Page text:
Improve your food processing equipment performance with synthetic lubricants

Lubricants used in the food processing sector are often subjected to extreme temperatures for prolonged periods. There is also the possibility of exposure to water or steam, depending on the type of operation, as well as contamination from food waste.

We look at how high performance synthetic lubricants combined with a fully featured maintenance programme can help operators extend oil drain intervals and optimise the performance of their processing equipment.

 

Lubricants used in the food processing sector are often subjected to extreme temperatures for prolonged periods. There is also the possibility of exposure to water or steam – depending on the type of operation – as well as contamination from food waste.

These issues can adversely affect lubricant performance, which risks triggering unscheduled maintenance and avoidable downtime. Fortunately, the use of high performance synthetic oils and greases can help mitigate this, while also safeguarding productivity.

Squeeze out water contamination

For instance, a food processing company based in North America used to lubricate the gearboxes of its meat grinders with a standard 80W-90 oil, which was vulnerable to water contamination. Maintenance personnel detected high levels of emulsification in the gearbox lubricant, which thus required the frequent changing out of contaminated oils – this led to significant additional labour costs.

After consulting with their distributor to determine a better lube solution, the company switched to a high performance, NSF-H1-registered synthetic lubricant – specially formulated for use in applications where oil can accidentally be exposed to food products. Moreover, the lubricant was formulated with a naturally high viscosity index and additive system to provide excellent water separation and corrosion protection in a wide variety of food machinery applications.

The switch resulted in extended oil drain intervals and lower overall lubricant usage/disposal. It also reduced the number of gearbox failures, due to less water contamination, and allowed for less machine interaction by maintenance personnel and more reliable production. In total, the company estimated annual savings of $325,0001!

Do a ‘blood test’ for your machinery with used oil analysis

However, it is not all about lubricant selection – a fully featured maintenance programme should also include a used oil analysis service. It enables users to proactively identify potential equipment maintenance issues before they occur, thereby helping food machinery operators enhance equipment reliability and performance. This, in turn, can help to reduce unscheduled downtime, improve equipment life, and extend oil drain intervals.

Small changes, big difference

Overall, lubricant expenditure represents a fraction of the overall costs of running food processing machinery. If done correctly, however, the investment offers a valuable return very quickly. Not only can it improve energy efficiency by maintaining the desired viscosity, but it can also help to protect equipment, reduce maintenance costs, and extend oil drain intervals. It enables food processing facilities to ensure safe, efficient, and profitable productivity.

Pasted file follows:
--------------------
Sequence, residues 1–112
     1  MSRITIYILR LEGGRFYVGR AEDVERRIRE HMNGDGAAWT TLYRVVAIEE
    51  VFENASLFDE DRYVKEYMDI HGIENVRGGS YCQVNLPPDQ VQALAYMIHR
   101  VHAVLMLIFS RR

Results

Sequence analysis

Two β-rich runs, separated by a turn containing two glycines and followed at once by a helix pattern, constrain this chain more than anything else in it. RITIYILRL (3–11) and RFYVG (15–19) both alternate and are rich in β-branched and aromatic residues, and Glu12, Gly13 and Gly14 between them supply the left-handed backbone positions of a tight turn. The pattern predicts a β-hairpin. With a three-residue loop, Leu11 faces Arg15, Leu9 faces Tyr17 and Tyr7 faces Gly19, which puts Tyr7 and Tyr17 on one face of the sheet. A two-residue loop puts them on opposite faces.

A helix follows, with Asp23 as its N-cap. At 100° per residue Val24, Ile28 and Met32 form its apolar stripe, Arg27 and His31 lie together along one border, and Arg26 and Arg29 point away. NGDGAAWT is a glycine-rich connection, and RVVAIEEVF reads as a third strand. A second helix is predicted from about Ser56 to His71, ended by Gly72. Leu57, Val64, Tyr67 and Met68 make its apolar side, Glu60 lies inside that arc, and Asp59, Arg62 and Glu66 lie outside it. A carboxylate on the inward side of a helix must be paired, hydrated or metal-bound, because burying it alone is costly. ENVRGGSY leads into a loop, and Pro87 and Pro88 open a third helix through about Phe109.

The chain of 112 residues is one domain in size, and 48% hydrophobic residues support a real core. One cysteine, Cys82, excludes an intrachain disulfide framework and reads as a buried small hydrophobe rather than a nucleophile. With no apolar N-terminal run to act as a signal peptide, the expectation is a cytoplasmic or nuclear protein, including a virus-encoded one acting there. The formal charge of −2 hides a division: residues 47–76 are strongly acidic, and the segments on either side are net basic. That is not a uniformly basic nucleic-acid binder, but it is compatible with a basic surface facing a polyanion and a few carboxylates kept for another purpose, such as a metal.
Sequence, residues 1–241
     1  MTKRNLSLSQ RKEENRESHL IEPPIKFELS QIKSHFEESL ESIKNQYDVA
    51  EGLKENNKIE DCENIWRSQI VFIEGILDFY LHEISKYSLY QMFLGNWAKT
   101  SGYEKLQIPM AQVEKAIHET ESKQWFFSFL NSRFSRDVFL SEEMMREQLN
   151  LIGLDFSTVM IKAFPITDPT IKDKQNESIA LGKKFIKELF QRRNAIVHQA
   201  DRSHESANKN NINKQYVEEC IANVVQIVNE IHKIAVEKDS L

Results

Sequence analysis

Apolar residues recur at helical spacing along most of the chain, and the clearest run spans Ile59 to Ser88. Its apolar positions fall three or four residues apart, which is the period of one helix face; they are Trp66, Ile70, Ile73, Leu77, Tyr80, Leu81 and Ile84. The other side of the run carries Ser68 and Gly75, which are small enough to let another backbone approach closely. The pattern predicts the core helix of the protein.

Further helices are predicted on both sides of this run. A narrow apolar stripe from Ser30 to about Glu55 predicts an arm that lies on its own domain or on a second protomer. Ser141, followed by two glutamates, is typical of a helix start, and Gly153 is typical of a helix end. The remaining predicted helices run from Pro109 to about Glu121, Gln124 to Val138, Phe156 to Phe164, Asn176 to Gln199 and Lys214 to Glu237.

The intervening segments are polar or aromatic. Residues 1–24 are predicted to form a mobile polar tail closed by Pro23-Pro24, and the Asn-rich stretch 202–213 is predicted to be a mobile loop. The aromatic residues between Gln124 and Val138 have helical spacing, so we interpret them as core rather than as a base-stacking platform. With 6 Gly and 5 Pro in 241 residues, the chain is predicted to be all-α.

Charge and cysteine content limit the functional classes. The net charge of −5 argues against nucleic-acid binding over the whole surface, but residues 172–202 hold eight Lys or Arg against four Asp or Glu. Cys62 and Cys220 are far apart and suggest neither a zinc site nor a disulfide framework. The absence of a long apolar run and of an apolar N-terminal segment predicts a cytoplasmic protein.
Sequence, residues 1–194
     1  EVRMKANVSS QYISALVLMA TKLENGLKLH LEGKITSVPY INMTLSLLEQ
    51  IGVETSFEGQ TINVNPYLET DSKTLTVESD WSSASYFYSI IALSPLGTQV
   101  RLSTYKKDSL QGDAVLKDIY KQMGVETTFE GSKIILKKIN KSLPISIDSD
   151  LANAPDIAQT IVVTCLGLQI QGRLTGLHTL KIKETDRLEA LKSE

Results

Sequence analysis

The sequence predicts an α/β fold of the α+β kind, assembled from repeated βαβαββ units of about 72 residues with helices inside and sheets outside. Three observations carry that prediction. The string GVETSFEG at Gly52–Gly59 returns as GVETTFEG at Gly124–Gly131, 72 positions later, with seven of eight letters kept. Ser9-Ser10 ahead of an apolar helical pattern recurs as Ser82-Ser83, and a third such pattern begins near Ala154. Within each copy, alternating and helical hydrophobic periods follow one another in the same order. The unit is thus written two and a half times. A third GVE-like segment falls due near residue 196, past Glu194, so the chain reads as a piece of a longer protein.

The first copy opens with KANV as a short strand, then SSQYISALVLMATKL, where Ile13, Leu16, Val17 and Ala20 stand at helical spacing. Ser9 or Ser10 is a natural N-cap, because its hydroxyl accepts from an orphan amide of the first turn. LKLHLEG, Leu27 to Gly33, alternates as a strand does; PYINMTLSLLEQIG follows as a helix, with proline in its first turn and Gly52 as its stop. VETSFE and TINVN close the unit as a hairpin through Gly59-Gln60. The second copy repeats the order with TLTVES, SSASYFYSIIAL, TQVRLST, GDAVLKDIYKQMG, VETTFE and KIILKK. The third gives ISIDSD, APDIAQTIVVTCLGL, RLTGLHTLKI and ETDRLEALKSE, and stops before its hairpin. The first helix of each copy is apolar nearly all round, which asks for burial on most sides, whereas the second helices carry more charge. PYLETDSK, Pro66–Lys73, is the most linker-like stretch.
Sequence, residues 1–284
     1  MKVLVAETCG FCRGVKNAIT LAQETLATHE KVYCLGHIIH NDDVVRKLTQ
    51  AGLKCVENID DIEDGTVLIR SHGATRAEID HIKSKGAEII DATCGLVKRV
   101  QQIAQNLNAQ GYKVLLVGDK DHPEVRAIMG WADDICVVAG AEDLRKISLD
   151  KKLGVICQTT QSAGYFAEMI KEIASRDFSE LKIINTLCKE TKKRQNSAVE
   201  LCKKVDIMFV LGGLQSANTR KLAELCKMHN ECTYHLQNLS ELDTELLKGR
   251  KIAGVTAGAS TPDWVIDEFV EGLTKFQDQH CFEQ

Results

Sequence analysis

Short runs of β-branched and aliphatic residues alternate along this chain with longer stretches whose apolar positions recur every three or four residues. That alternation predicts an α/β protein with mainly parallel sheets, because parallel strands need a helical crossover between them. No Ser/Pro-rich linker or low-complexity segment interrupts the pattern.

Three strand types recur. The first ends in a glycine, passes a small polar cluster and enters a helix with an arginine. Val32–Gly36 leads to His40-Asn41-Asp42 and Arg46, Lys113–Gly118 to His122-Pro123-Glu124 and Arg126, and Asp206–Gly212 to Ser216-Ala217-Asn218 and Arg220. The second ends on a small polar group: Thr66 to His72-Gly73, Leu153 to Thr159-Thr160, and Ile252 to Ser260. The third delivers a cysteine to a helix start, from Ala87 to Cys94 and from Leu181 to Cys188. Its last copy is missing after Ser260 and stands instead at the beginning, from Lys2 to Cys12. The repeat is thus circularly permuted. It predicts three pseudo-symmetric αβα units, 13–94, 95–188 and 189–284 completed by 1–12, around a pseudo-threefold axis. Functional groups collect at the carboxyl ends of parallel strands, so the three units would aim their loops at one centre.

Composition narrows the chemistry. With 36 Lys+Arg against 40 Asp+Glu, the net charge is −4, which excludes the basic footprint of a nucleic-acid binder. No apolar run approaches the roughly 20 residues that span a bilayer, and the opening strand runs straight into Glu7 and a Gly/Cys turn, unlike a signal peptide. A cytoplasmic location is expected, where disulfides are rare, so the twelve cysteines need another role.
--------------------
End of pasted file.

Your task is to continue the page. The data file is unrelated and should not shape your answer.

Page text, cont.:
Do you already use high performance lubricants at your food processing plant? Share with us your experience or hit “Like” on the toolbar to the right if you found this article useful!

 

 

[1] Based on the experience of a single customer. Actual results can vary depending upon the type of equipment used and its maintenance, operating conditions and environment, and any prior lubricant used.

Anonymous
  • Cabe remarcar el uso de aceites grado alimenticio, para evitar lo que paso con la empresa de Norte América que se cita  en el articulo, yo creo que esa parte es clave que se conozca tanto para abaratar costos en el funcionamiento de mas maquinas, como para garantizar la sanidad de los alimentos procesados.

    Dejo unos datos adicionales sobre las clases de lubricantes grado alimenticio:

    *Lubricantes clasificados H1 son lubricantes de grado alimenticio usados en los entornos de procesos de alimentos donde existe alguna posibilidad de contacto accidental con alimentos. Las formulaciones de lubricantes deben estar compuestos por uno o más aceites base, aditivos y espesantes (si es grasa) que sean aprobados y figuren en la norma 21 CFR 178.3750.

    *Los lubricantes H2 son los lubricantes utilizados en los equipos y piezas de la máquina en lugares donde no hay posibilidad de que el alimento entre en contacto con la superficie de las mismas. Debido a que no hay riesgo de contacto con los alimentos, lubricantes H2  no pueden contener metales intencionalmente pesados tales como antimonio, arsénico, cadmio, plomo, mercurio o selenio. Y no deben incluir sustancias que sean carcinógenos, mutágenos, teratógenos o ácidos minerales.

    *Los lubricantes H3, también conocidos como solubles en aceite o comestibles, se utilizan para limpiar y prevenir la oxidación en los ganchos, carretillas o equipos similares. Estos pueden tener contacto directo con los alimentos sin ningún inconveniente.

  • Excelente tema con el mejore el rendimiento de su equipo de maquinaria para alimentos con lubricantes sintéticos,no solo con la selección del lubricante adecuado,si no un buen mantenimiento a la maquina,saludos.